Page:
Big Spirit Country 

The rise of Montana’s microdistilleries

On a recent Wednesday evening, most of the activity at the Rhino in downtown Missoula is concentrated around a cluster of cocktail glasses and liquor bottles at the end of the bar. Each label brandishes some quirky name, like Orphan Girl, Glacier Dew and Whyte Laydie. No two are the same. There’s gin, vodka, rum and a whiskey that one distillery rep describes as “Montana-style tequila.” But every bottle shares at least one bragging right: The word “Montana” enjoys a prominent spot on the label.

Rhino owner Kevin Head lingers near the bar, soaking in his latest Cocktail Corral tasting event. He’s managed to gather people and product from four microdistilleries, each within a few hours of town. Glacier Distilling has come the farthest—160 miles from its still up in Coram. Montgomery Distillery is so close you can practically see it out the window, just across Front Street.

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  • Cathrine L. Walters

“These distilleries have really sparked a resurgence for Montana’s cocktail culture,” Head says. “We’re seeing new and unique recipes coming out of the tasting rooms, and some really old ones that no one’s served in a long, long time.”

The chatter at the event sways from new developments at the distilleries to the all-Montana sourcing of ingredients. Each bottle seems to be a celebration of the rich agricultural commodities of the Treasure State, from mint and basil to barley and Flathead Valley wheat. A few newer bottles dot the counter. Glacier Distilling just announced the release of Mule Kick, a jalapeño, garlic and black pepper infused whiskey that happens to be one of tonight’s main attractions. Headframe’s tasting room manager, Heidi Rosenleaf, singles out a bottle of Destroying Angel on the bar—the Montana-style tequila referenced earlier.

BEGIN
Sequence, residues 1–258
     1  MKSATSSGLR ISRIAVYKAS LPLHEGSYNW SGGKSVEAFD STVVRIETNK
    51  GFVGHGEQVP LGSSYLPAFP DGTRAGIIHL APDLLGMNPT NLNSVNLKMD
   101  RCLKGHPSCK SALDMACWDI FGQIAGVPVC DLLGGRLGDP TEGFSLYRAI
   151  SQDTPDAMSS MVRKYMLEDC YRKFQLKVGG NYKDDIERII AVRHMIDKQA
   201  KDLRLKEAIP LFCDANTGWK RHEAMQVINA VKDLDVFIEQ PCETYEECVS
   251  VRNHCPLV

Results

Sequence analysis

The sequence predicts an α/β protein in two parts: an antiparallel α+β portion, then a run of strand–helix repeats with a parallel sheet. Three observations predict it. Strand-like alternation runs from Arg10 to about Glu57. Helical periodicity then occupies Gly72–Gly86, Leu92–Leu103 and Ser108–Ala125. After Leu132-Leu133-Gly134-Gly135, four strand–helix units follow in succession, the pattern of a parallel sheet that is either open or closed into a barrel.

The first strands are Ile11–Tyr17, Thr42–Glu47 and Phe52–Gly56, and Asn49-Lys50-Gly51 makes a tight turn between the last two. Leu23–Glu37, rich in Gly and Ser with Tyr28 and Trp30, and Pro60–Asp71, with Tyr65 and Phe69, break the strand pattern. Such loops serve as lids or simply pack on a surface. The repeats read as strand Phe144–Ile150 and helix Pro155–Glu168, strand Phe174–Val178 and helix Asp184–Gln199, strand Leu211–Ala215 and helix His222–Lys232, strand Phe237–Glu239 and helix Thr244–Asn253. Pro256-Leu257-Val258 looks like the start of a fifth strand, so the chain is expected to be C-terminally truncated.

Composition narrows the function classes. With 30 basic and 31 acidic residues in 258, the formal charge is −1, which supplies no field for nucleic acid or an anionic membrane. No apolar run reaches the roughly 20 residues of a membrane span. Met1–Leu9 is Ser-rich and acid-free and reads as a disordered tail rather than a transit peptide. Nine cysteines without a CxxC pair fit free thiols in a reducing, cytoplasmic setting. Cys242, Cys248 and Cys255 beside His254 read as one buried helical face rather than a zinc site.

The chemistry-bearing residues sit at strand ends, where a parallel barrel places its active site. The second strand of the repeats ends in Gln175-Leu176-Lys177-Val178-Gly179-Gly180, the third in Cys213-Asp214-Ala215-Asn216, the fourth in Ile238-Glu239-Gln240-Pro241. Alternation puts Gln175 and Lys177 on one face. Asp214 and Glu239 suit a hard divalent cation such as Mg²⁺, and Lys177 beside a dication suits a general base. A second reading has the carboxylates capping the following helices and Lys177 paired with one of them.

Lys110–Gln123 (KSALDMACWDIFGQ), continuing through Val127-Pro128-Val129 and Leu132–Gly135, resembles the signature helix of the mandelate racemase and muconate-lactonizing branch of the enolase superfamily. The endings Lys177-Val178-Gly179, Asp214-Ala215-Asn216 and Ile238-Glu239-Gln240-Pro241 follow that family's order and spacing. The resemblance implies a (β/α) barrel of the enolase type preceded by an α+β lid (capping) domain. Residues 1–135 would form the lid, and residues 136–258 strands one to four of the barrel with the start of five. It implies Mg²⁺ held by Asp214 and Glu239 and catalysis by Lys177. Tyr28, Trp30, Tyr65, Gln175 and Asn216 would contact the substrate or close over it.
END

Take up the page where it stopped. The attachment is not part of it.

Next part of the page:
“We name each of our products after an old mine in Butte, and at one point, there were 420 or 430 mines there,” Rosenleaf says. “We’ve got a lot of products to name.”

The microdistillery industry has grown fast in Montana in recent years. The first—Bozeman’s RoughStock Distillery—opened for business in 2009. According to the Montana Department of Revenue, there are now nine microdistilleries operating statewide, with three more in the works. State tax revenue generated by retail sales of spirits in Montana tasting rooms totaled a mere $2,179 in 2011. That figure jumped to $22,000 in 2012 and $44,000 so far in 2013.

The trend has mimicked the surge of microdistilling activity nationwide over the past decade. There were fewer than 70 licensed craft distilleries in the United States when the American Distilling Institute was founded in 2003. The organization now has 400 members, and projects that there will be between 600 and 800 microdistilleries in the United States and Canada by 2016.

“This is a viable industry in the state,” says former state Rep. Brady Wiseman, D-Bozeman, who sponsored a bill in 2005 enabling microdistilleries to operate in Montana. “It’s a viable business model that you can come up with this $300,000, $400,000, $500,000 or more investment and produce a product and actually be able to compete.”

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